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Legion: Skin Deep

Legion: Skin Deep

5th October 2015

Looking back on my notes from the original Legion novella, I quite enjoyed it and its exploration of Stephen Leeds - a man whose various personality 'aspects' manifesto themselves as imaginary people who travel through life with him. Skin Deep continues the exploration of the character in a little more depth as he faces a new adventure.

I didn't re-read the original story before this one, and was struck by how much goes unexplained here, and wondered if I should have gone back first and read them back-to-back. However I've been told by someone who did this that it didn't help and that there are still references that don't mean anything to the reader.

The plot is an interesting idea, although really plays second fiddle to the situation of the character - often something I would praise in a Sanderson novel, but in this case something that's a little frustrating. I struggled in places to keep a track of which aspect was which and to understand the consistency of what they did in the character's imagination. Generally I didn't find it easy to read.

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Sight Unseen

Sight Unseen

5th October 2015

The latest novel in the Titan series follows the crew of the starship and Admiral Riker as he continues to get used to his new role. Dispatched to a new frontier, the crew receives a distress call from a friendly vessel and heads off to help.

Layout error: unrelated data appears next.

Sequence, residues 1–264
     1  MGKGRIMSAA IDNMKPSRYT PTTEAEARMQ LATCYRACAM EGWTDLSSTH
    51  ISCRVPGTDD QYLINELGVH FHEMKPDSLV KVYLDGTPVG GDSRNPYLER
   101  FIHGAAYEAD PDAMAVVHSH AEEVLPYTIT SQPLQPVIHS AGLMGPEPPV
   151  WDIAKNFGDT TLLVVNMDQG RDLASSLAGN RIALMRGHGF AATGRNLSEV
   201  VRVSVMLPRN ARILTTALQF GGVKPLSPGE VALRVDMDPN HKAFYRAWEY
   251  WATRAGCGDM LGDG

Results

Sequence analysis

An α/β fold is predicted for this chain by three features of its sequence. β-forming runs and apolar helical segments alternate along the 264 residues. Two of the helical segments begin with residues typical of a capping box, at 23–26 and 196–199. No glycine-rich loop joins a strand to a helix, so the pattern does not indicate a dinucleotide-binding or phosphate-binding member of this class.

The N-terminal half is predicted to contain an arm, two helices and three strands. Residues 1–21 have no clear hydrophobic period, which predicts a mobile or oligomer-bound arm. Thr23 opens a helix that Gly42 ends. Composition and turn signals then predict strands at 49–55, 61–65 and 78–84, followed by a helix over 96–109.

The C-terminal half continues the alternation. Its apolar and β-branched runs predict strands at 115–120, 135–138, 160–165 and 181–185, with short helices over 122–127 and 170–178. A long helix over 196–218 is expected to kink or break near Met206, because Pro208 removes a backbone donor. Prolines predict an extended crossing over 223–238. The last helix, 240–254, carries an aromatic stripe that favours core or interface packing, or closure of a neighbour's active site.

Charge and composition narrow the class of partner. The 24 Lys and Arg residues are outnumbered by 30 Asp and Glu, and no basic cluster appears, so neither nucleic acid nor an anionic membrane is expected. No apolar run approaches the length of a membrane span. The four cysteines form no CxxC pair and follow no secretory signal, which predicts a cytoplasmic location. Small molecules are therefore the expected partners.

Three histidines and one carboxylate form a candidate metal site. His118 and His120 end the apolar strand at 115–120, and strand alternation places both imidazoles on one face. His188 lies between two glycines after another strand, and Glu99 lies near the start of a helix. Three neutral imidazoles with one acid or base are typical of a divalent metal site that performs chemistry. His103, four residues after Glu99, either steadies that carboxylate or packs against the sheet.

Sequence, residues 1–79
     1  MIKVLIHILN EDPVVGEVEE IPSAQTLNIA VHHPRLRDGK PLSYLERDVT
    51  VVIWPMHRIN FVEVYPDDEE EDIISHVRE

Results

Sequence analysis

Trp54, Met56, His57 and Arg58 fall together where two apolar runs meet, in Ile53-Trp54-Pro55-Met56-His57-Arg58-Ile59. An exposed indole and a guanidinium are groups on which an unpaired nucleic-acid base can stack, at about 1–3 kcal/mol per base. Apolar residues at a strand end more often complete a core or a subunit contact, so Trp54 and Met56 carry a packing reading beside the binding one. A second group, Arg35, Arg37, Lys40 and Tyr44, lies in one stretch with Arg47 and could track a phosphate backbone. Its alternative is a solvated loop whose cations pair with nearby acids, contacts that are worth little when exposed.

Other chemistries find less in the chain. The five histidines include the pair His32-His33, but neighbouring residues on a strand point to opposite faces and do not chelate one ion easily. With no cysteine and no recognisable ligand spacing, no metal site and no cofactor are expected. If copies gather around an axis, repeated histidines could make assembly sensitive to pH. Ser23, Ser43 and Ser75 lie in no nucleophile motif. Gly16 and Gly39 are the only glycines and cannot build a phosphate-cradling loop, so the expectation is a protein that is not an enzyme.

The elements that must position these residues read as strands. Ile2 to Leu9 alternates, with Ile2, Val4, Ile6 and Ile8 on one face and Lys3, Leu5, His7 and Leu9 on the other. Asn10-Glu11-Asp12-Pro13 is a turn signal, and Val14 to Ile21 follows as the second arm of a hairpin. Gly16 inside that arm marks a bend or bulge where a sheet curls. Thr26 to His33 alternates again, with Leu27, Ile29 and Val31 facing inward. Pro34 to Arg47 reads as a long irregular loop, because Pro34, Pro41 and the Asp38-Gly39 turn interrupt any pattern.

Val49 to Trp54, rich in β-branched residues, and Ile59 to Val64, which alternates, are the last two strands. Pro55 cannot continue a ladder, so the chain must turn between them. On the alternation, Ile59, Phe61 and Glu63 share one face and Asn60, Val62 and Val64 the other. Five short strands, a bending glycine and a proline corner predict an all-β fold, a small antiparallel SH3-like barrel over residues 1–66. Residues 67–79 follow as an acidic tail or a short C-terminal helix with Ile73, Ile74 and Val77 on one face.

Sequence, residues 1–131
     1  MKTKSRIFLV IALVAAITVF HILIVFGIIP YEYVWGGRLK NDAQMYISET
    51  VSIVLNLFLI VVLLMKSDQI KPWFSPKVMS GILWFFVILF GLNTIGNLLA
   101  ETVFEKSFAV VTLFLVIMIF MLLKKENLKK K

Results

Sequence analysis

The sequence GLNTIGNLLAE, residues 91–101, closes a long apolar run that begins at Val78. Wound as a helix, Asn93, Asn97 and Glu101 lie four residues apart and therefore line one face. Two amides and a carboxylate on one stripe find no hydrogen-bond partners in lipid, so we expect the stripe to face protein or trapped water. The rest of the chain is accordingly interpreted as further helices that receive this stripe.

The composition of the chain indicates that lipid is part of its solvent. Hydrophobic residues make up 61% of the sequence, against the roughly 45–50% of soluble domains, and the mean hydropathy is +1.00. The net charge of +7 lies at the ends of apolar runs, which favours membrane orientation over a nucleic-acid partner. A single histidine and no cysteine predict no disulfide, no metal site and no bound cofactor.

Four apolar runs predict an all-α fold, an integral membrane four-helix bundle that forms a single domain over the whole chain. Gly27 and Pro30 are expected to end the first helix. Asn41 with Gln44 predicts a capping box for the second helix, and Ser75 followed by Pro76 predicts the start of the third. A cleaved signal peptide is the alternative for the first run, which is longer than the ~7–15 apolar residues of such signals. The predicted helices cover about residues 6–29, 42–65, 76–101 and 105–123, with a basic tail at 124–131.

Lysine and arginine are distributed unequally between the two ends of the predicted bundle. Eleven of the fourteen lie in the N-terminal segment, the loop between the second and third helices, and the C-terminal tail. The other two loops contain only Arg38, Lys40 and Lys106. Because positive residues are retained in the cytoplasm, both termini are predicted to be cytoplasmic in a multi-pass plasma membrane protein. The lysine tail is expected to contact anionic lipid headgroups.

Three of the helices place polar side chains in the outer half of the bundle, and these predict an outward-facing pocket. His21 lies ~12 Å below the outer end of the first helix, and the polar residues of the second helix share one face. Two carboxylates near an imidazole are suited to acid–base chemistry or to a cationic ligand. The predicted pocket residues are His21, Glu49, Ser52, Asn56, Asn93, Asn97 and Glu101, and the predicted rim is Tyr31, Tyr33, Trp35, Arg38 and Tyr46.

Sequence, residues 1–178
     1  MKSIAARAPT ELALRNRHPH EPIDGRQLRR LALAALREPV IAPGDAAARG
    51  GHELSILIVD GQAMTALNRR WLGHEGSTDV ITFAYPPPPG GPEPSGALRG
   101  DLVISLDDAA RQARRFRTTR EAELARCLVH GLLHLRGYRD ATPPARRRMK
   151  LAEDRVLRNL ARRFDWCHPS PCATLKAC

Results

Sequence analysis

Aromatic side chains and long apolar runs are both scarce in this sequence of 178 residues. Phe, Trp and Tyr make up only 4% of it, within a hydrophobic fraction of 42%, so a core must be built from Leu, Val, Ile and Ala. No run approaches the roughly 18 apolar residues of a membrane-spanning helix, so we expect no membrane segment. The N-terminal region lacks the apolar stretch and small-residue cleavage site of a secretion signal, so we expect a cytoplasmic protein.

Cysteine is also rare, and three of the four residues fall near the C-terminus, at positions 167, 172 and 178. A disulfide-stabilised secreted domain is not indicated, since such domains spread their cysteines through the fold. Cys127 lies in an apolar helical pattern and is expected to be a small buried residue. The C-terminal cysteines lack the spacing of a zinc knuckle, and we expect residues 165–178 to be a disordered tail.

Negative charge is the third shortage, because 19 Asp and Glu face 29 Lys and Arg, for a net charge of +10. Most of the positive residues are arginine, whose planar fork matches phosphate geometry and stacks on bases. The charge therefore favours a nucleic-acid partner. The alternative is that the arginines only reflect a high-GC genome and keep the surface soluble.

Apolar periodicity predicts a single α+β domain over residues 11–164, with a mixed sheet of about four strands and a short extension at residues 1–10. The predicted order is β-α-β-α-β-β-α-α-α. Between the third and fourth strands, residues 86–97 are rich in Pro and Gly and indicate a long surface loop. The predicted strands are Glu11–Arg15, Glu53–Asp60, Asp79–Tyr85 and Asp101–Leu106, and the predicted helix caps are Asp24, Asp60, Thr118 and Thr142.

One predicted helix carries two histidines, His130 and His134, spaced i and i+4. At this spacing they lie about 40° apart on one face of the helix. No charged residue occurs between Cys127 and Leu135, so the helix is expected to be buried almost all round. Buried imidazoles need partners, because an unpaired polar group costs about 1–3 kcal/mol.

The book starts like many Trek novels and also follows the recent convention of telling sequels to episodes of the TV series. The first half moves along at a reasonable pace but feels like it's lacking something and didn't grip me as much as I had hoped. There were moments where I phased out and had to take a step back a page to catch back up with myself.

The second half though was excellent. The pace ups and we get a strong blend of action, intrigue and a range of characters having interesting moments. I really like how Swallow takes some of the newer characters and gross them through the novel to the point where it feels like you've known them forever - a trick that would be beneficial to some of the other recent Trek tie-in novels.